[image error]Dr. Esther A. Van Riper (1844-1910) was born at Lodi, Michigan, and attended the public schools of Ann Arbor. She was graduated from the Druidic University of America, Buffalo, New York, in 1889; from the Jacksonian Optical College, Jackson, Michigan, in 1893, and from the American College of Science at Philadelphia in 1902. She also has a diploma from the World's Electro-Medical Institute, Columbus, and is a member of the Northern Indiana and Southern Michigan Medical Association.

Taken from: History of Pickaway County, Ohio and Representative Citizens by Aaron R. Van Cleaf

The following is Ms. Van Riper's contribution to the Blue Grass Blade's "Why I Am An Atheist" campaign of 1903.


I will tell you. I was raised a Baptist. I was not allowed to laugh on Sunday; went to church every Sunday twice, and to Sunday school. The sermons were two hours long. I use to get so weary, would nearly die, had to sit up straight and bow when they prayed. I continued, and when I was 14 years old I went to a Methodist revival. He gave us hellfire and broke up a couple of chairs, knocked the stove down, hammered the desk with his fists, jumped up nearly three feet, scared the very life out of me.

I went to the mourner's bench; was told I had God in my heart. I tried to realize it, but was not satisfied in my mind, as I felt as I always used to before. The deaconess of the Baptist church said to me that I would feel all right after I was baptized. I was baptized in a fount in the Baptist church at Ann Arbor, Michigan, by Elder Cornelius. He was then 80 years old. After I came up out of the water, I stood on a grate so the water would not soil the carpet. The deaconess came to me with consoling words and said to me: "Well, sister, how do you feel now?"

I answered: "I feel ashamed."

Mrs. Royce said: "Don't say that."

I answered: "Well, it is a fact; I do feel ashamed."

After I went to remove my baptismal robe, which was all wet, Mrs. Royce (the deaconess) and Ma said: "Now, your sins are all washed away, a new life you will follow, you are born again; now do you feel the presence of the Lord in your heart?"

I answered that I felt ashamed.

Ma said, "Don't say that."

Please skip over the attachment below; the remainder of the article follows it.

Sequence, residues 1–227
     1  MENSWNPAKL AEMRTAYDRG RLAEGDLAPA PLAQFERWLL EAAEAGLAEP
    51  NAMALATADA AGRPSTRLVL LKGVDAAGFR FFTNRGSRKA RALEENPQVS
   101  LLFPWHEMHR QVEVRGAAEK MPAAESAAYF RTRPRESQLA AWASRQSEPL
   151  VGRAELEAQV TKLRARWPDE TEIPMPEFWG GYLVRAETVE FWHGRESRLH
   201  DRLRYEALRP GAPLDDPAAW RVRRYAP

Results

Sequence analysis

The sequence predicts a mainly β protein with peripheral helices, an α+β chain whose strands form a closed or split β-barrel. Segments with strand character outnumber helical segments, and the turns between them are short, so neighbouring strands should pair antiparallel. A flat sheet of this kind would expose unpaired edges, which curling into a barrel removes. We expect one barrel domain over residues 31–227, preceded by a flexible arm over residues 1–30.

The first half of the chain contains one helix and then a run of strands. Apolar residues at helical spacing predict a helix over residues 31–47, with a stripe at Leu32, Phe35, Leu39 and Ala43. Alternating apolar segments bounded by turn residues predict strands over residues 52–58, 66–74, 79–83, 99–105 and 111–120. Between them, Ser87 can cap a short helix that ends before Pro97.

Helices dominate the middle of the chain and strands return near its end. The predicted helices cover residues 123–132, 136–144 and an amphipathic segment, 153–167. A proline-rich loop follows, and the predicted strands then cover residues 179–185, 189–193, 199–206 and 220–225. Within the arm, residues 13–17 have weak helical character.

Mrs. Royce said, "Don't tell all you think; keep such to yourself."

I said it's so. I thought I must be a very bad sinner. I would try and pray, and read the Bible all the spare time I had.

I read the Bible through before I was 14 years old. It was all we could read on Sunday. My mother said to me, "You are just like your father; he was so skeptical, no one could talk such things into his head."

My father died before I was 19. The best friend, and may I say the only one I ever had. Time went on. I finished school, married, moved west to Illinois. Was a steady attendant.

My husband, who was a physician and surgeon, was one of Col. R.G. Ingersoll's brightest lights. He would go to hear his lectures and buy all of his writings. He often would say to me, "What do you go to that hypocritical church for?"

I would answer and say, "Doctor, I am trying to find out what Christianity is, and I can't." I read all the Freethought literature I could get, and gradually grew to think Christ and all was humbug.

A presiding Elder, by the name of Adams, was the last screw in the orthodox coffin for me. I called at his house one day. His wife had gone to her people, and he, Adams, was alone. I rang. He came to the door. I enquired for Mrs. Adams. He said, "Come right in, sister. Mrs. Adams is at her people; come in the parlor and let us have a good, quiet visit. I always admired you. You are on my mind night and day. When you come in church and sit in the audience I see only you. I can't preach. My sermon goes out of my head. I can't stand it any longer. You are the only one in the church. I am crazy to have you close to me. Come in the parlor and we'll have a good, enjoyable time."

I answered, "No, Mr. Adams, I can't." I started out.

He said, "Don't for heaven's sake go; come back."

I went and I thought: is that religion; is there no sincerity in this world but licentiousness; and to think a preacher, presiding Elder, a man God had called to be mediator between earth and heaven.

I never saw him (Adams) again. I went home, and the thoughts! You can imagine!

I never told anyone. If I had, my husband would have murdered him in cold blood. Mr. Adams resigned the next Sunday. The Deacon McGrew and his wife said to me, "What in this world do you suppose Elder Adams resigned for? We held a church meeting, and we couldn't get one word out of him. He said: 'I think I will go South.'"

If I told anyone, they would have disgraced me.

After that, I didn't try to find any mercy or grace in the religion of Jesus Christ. I began to think for myself, and I do what I see proper and right. I am now a thorough Agnostic in belief. Ingersoll is my Bible. He never made a mistake. There are no cunning lies in his works. All are wise and good. I mourn his loss. It is sad for such a human machine to die. If I have written too much, it is the truth to the hilt.

Circleville, Ohio

Letters from an Atheist Nation Godless Voices of America in 1903 by Thomas Lawson Letters from an Atheist Nation: Godless Voices of America in 1903
by Thomas Lawson
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Published on February 20, 2012 08:42 • 402 views • Tags: agnosticism, feminism, freethought, ohio, religion, u-s-history, women

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